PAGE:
The Hero’s Journey in “Professor T”

In its original Belgian incarnation, Professor Jasper Teerlinck, a brilliant but very eccentric professor of criminology at the University of Antwerp, assists local police in murder investigations, coming across as a combination of Monk (multiple neuroses and phobias) and House (arrogant, indifferent to others), but in an academic setting.

He’s internationally renowned, very conscious of his stature in the field, jealous of any perceived challenges to his status, and occasionally suicidal.

He’s obsessive-compulsive and can’t tolerate being touched. He wears surgical gloves in public and carries an antiseptic to spray on surfaces others have touched. In that regard, he’s the perfect detective for 2020; in real life, he’d be wearing a face mask all the time.

Many of Teerlinck’s problems can be traced back to childhood traumas related to his father’s violent death and to his manipulative mother’s continuing interference.

His dean is an old family friend who protects him yet is intimidated by him — and by his secretary, who is in some ways as formidable and manipulative as T’s mother.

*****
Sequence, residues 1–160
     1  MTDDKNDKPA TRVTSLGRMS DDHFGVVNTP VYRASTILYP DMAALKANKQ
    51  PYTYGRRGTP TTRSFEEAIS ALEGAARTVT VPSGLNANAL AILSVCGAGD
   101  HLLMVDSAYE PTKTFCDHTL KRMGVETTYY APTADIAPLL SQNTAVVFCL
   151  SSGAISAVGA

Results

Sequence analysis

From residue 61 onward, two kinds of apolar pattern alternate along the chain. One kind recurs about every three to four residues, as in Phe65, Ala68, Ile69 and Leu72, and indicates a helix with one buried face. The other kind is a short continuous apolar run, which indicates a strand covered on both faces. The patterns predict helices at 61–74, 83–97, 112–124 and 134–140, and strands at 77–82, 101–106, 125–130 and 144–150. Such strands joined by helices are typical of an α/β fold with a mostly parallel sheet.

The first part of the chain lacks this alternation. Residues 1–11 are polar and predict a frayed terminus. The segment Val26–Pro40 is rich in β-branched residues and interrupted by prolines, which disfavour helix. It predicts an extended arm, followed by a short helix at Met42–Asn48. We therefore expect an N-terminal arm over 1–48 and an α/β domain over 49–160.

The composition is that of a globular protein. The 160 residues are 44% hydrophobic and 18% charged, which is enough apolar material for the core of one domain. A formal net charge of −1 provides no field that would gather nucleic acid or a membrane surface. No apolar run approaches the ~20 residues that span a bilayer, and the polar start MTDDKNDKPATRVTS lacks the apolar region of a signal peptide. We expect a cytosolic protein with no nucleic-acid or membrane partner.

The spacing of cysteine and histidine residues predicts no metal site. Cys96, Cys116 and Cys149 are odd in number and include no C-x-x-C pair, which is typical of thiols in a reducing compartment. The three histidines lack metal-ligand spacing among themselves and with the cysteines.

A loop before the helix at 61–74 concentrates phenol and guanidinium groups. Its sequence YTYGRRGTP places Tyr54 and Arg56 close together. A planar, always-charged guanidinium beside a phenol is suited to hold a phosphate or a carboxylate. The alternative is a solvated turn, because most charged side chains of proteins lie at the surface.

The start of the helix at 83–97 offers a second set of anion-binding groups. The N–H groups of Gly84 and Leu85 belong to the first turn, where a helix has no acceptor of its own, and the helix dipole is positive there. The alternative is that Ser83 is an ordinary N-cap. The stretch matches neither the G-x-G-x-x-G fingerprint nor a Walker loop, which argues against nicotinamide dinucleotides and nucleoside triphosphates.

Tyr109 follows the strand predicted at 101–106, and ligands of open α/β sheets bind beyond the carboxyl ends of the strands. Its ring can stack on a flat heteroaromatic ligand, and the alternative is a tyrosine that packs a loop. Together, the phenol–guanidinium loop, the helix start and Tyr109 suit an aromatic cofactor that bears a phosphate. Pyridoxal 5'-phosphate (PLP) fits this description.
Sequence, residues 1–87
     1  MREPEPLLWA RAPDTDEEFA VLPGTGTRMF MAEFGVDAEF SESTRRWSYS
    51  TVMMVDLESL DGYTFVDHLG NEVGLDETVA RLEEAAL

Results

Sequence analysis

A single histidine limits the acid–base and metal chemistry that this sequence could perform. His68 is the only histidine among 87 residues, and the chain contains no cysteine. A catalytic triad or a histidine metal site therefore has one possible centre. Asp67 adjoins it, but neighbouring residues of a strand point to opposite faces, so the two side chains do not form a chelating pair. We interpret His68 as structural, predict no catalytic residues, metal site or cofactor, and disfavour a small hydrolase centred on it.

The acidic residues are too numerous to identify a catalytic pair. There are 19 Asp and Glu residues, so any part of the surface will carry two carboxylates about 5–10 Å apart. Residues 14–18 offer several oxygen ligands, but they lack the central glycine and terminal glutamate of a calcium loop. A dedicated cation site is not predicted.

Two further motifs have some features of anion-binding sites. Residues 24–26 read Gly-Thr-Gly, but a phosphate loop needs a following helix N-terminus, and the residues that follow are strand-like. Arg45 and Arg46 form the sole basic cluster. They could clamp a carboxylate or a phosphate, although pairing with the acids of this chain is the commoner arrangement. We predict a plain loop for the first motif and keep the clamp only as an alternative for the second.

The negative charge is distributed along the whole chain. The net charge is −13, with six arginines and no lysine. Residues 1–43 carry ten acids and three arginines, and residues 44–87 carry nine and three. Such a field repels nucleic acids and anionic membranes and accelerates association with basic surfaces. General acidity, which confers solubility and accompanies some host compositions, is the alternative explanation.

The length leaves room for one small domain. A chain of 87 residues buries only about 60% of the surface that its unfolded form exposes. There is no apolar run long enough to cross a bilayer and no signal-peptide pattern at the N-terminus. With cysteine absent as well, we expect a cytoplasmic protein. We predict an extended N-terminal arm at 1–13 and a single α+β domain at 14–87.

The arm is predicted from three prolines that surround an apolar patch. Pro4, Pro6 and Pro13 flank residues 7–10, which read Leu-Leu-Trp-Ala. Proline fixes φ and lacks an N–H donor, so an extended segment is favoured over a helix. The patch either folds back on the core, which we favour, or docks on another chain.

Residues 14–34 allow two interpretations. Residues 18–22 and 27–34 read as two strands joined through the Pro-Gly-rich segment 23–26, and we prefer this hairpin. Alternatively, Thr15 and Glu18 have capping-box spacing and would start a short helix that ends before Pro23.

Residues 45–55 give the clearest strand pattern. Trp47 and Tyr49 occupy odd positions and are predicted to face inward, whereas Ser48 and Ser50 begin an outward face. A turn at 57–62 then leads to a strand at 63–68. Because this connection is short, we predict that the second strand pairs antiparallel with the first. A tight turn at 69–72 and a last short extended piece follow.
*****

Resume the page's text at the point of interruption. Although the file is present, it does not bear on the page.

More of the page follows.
The secretary and the dean must constantly fend off complaints from students, their parents and other faculty over T’s obvious disdain for his students and colleagues, insulting them to their faces and avoiding meetings whenever he can.

Viewers share Teerlinck’s memories and hallucinations, which include dead characters discussing his current cases and everyone breaking into song.

His neuroses, quirks and cutting comments vie with the foibles of dean and secretary in supplying a humorous counterpoint to the grim murders he solves.

In the first episode, a former student, now a police detective, pulls him into a campus rape case strangely similar to one years earlier, which involved a friend of hers, and Professor Teerlinck becomes a regular adviser to the homicide department, though not a universally welcome one.

And the head of that department just happens to be T’s ex who cheated on him years ago, which apparently added to his mental issues.

In the third season, T lands in prison for killing a police detective in cold blood and finds himself sharing a cell for a few episodes with a psychopathic killer he helped capture in the first season who, instead of holding a grudge, becomes his Watson.